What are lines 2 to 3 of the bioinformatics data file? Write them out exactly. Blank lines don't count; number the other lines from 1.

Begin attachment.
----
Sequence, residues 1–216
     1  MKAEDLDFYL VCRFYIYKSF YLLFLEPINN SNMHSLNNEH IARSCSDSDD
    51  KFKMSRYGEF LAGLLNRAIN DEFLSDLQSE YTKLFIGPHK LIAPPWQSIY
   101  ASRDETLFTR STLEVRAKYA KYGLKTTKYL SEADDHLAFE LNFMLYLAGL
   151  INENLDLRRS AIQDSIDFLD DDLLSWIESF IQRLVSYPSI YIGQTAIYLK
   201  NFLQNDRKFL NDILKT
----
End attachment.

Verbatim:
     1  MKAEDLDFYL VCRFYIYKSF YLLFLEPINN SNMHSLNNEH IARSCSDSDD
    51  KFKMSRYGEF LAGLLNRAIN DEFLSDLQSE YTKLFIGPHK LIAPPWQSIY